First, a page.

Datacom, NetOptions merge for further growth

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Sydney IT services specialist Datacom has merged with Brisbane service provider NetOptions in a mutually beneficial arrangement that will see both companies primed for expansion.

Sydney IT services specialist Datacom has merged with Brisbane service provider NetOptions in a mutually beneficial arrangement that will see both companies primed for expansion.

Richard McAlary, chief executive at NetOptions, said the deal was unusual in that both parties were batting from a position of genuine strength.

Many "mergers" were effectively takeovers by one party of a weaker, financially troubled or even failing company, he noted.

Their established operations were complementary -- with little overlap -- so it made sense for them to join forces to expand nationally, he said.

"We are two strong and fast-growing IT companies and that's the difference. We both bring very strong balance sheets," McAlary said.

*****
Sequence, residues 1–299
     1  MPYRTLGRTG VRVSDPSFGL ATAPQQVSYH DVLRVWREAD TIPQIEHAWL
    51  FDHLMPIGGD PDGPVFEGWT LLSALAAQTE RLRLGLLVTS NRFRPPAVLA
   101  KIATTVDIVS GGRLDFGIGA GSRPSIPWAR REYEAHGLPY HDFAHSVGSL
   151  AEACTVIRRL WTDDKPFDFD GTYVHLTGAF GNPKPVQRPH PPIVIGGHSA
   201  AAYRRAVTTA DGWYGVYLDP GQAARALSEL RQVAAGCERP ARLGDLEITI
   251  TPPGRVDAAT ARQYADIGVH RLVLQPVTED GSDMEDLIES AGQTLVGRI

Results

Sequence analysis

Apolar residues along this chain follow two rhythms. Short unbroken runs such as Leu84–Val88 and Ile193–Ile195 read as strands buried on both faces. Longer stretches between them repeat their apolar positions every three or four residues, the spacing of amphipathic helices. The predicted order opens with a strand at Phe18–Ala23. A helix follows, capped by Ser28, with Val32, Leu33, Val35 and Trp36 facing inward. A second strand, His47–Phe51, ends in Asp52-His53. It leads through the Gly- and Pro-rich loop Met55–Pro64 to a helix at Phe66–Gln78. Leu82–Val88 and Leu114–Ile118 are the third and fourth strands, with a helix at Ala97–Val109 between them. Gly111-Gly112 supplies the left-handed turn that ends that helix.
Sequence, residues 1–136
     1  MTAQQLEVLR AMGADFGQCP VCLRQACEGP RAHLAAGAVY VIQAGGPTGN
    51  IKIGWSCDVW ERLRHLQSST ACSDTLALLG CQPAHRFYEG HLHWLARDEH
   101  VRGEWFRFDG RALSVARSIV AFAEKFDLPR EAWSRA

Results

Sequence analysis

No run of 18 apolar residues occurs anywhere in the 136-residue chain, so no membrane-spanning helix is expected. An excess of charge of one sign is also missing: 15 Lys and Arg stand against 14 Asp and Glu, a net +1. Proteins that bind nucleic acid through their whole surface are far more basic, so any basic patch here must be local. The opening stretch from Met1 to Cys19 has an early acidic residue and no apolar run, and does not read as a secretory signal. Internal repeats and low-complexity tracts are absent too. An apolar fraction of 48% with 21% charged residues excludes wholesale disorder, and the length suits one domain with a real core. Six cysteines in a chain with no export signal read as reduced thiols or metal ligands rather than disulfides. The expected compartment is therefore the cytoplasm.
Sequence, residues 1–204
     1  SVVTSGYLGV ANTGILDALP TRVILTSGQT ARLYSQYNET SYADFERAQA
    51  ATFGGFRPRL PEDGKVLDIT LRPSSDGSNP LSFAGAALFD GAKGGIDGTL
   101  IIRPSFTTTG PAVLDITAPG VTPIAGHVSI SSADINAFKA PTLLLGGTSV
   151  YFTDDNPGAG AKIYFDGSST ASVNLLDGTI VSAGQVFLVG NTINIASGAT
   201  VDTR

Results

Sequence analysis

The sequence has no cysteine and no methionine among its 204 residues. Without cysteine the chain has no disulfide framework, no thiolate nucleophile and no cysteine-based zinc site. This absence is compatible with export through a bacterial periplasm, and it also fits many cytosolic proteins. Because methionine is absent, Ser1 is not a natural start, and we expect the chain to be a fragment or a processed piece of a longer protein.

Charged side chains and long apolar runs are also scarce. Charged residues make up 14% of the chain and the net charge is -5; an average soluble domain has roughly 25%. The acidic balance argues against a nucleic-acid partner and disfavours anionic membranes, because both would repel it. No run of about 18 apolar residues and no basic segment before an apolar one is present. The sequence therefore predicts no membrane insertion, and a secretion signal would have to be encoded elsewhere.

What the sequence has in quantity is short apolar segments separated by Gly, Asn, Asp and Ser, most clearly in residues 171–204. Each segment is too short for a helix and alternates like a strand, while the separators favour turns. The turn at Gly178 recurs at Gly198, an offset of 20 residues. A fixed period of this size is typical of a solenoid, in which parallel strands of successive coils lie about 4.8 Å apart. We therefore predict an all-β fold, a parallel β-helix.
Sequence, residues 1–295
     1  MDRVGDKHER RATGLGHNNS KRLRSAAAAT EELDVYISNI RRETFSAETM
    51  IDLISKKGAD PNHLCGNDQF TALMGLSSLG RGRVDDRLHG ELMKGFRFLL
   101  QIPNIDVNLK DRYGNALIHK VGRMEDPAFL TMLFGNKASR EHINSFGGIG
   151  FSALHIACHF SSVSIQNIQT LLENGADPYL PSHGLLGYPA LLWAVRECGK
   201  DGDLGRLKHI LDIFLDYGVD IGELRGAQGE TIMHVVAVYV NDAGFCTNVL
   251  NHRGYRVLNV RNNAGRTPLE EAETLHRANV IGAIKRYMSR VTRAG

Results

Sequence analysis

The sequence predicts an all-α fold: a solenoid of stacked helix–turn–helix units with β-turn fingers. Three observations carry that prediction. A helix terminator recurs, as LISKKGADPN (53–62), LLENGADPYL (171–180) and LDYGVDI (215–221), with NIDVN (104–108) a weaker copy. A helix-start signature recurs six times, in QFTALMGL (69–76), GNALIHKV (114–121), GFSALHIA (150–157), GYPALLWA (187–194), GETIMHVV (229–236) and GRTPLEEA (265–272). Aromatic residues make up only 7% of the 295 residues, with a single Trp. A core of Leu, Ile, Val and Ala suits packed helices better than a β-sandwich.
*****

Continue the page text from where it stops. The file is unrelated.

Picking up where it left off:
Michael Browne, chief executive at Datacom, said no real rationalisation of the businesses was expected as a result of the merger. "We've not identified any areas of duplication that would result in cost savings," he said.

Browne said the companies were working out where their best practices lay. "For example, Datacom's current service delivery relies heavily on ITIL," he said. "That's something that NetOptions hasn't done. Similarly, NetOptions has far slicker procurement practices."

The companies also complemented each other by region. Datacom would take NetOptions' strengths to its well-developed customer base in New South Wales and Victoria, while NetOptions would take Datacom's abilities to its Queensland clientele, Browne said.

NetOptions was a big Citrix partner, while Datacom was a strong Microsoft partner, McAlary said.

Together, the companies would have annual revenue of around $120 million and a staff of 760 -- including 130 professional IT services staff in Kuala Lumpur. NetOptions originally had 50 staff, according to a statement released by the companies.

Both brands would continue, but NetOptions technically became a subsidiary of Datacom by the deal, McAlary said.

"NetOptions will be referred to as a 'Datacom systems company'," Browne said.

The merger would also help Datacom win more government and education business. NetOptions had some 500 clients, many of which hailed from government or education, he said.

"People are looking for agile local companies," Browne said. "Our growth at Datacom has been very much a product of that. And this is just another step in the process."
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